Occupational Asthma Reference

Stenton SC, Beach JR, Dennis JH, Keaney NP, Hendrick DJ, Glutaraldehyde, asthma and work--a cautionary tale, Occup Med, 1994;44:95-98,

Keywords: oa, glutaraldehyde, nurse, ch, br

Known Authors

Chris Stenton, Newcastle upon Tyne, UK Chris Stenton

David Hendrick, Newcastle-upon-Tyne David Hendrick

Jeremy Beach, University of Alberta Jeremy Beach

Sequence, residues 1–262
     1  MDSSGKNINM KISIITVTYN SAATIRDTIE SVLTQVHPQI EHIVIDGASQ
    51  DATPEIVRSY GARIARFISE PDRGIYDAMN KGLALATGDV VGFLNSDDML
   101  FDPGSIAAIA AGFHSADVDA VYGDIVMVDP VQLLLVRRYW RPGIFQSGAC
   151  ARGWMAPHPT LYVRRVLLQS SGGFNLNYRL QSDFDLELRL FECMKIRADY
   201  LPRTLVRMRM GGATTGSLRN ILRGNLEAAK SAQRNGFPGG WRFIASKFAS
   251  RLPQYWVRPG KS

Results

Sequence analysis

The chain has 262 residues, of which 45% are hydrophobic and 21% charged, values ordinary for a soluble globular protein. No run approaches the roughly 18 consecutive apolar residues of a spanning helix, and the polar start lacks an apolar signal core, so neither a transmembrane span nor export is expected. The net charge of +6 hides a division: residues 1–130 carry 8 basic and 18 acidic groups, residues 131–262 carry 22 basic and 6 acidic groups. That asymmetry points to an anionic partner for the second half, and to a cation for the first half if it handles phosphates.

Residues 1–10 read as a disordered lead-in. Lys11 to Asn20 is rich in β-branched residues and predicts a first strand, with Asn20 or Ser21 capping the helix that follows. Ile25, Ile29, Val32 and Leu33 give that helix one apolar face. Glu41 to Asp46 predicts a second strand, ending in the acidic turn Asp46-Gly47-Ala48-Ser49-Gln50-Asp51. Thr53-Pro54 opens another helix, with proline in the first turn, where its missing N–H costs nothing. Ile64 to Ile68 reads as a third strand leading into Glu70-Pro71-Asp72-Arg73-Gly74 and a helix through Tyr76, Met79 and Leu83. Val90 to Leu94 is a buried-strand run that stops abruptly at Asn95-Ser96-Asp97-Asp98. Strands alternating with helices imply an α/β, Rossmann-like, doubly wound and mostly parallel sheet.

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A 46-year-old endoscopy nurse developed symptoms suggestive of occupational asthma after seven years of exposure to glutaraldehyde. An initial inhalation challenge test at the endoscopy suite caused a very dramatic immediate fall in FEV1 from 3.6 to 1.5 litres. To further evaluate the case and establish a threshold for the response, a technique was devised to allow a series of double-blind inhalation challenges with activated glutaraldehyde vapour at exposure levels of 0.01-0.32 ppm. The results suggested marked dual asthmatic reactions following challenges with 0.032 ppm glutaraldehyde; however, similar 'reactions' were observed on control days. These were associated with an increase in airway responsiveness to methacholine, with the PD20FEV1 falling from > 6400 micrograms to 135 micrograms. The interpretation of these results was potentially confounded by an intercurrent respiratory tract infection and by technically poor FEV1 recordings, so the challenge series was repeated three weeks later. The second series of double-blind inhalation challenges with carefully controlled exposures to glutaraldehyde (up to 0.32 ppm for 10 min) gave rise to no obvious asthmatic reactions, in marked contrast to the results of the unblinded workplace challenge. There was a slight increase in airway responsiveness, with the PD20FEV1 falling from > 6400 micrograms to 1850 micrograms. These results illustrate the potential for misdiagnosis of occupational asthma when unblinded challenge tests are used and show that, even with sophisticated investigatory techniques, a clear-cut diagnostic result may be elusive

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